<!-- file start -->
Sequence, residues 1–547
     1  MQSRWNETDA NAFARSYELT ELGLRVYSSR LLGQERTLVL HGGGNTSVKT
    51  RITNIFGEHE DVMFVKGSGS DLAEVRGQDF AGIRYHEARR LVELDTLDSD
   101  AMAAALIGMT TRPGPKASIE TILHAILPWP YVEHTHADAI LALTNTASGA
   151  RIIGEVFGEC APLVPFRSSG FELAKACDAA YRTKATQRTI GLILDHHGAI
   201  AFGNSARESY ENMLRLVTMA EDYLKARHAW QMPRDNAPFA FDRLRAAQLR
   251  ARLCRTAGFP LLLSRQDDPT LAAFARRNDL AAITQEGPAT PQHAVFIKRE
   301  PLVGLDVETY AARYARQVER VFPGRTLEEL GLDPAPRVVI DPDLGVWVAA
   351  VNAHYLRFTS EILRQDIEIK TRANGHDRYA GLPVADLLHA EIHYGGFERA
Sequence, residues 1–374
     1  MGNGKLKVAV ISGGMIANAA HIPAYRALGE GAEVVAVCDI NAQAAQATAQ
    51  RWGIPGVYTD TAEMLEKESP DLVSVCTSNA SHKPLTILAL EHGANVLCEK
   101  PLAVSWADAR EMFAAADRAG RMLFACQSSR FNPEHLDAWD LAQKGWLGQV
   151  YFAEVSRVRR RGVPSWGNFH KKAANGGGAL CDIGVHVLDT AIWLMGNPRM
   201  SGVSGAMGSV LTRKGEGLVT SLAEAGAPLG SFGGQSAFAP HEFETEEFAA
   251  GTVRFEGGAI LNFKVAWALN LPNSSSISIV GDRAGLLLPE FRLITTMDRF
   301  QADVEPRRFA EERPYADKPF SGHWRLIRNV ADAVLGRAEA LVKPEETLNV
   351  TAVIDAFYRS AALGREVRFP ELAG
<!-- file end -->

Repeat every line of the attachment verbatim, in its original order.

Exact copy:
Sequence, residues 1–547
     1  MQSRWNETDA NAFARSYELT ELGLRVYSSR LLGQERTLVL HGGGNTSVKT
    51  RITNIFGEHE DVMFVKGSGS DLAEVRGQDF AGIRYHEARR LVELDTLDSD
   101  AMAAALIGMT TRPGPKASIE TILHAILPWP YVEHTHADAI LALTNTASGA
   151  RIIGEVFGEC APLVPFRSSG FELAKACDAA YRTKATQRTI GLILDHHGAI
   201  AFGNSARESY ENMLRLVTMA EDYLKARHAW QMPRDNAPFA FDRLRAAQLR
   251  ARLCRTAGFP LLLSRQDDPT LAAFARRNDL AAITQEGPAT PQHAVFIKRE
   301  PLVGLDVETY AARYARQVER VFPGRTLEEL GLDPAPRVVI DPDLGVWVAA
   351  VNAHYLRFTS EILRQDIEIK TRANGHDRYA GLPVADLLHA EIHYGGFERA
Sequence, residues 1–374
     1  MGNGKLKVAV ISGGMIANAA HIPAYRALGE GAEVVAVCDI NAQAAQATAQ
    51  RWGIPGVYTD TAEMLEKESP DLVSVCTSNA SHKPLTILAL EHGANVLCEK
   101  PLAVSWADAR EMFAAADRAG RMLFACQSSR FNPEHLDAWD LAQKGWLGQV
   151  YFAEVSRVRR RGVPSWGNFH KKAANGGGAL CDIGVHVLDT AIWLMGNPRM
   201  SGVSGAMGSV LTRKGEGLVT SLAEAGAPLG SFGGQSAFAP HEFETEEFAA
   251  GTVRFEGGAI LNFKVAWALN LPNSSSISIV GDRAGLLLPE FRLITTMDRF
   301  QADVEPRRFA EERPYADKPF SGHWRLIRNV ADAVLGRAEA LVKPEETLNV
   351  TAVIDAFYRS AALGREVRFP ELAG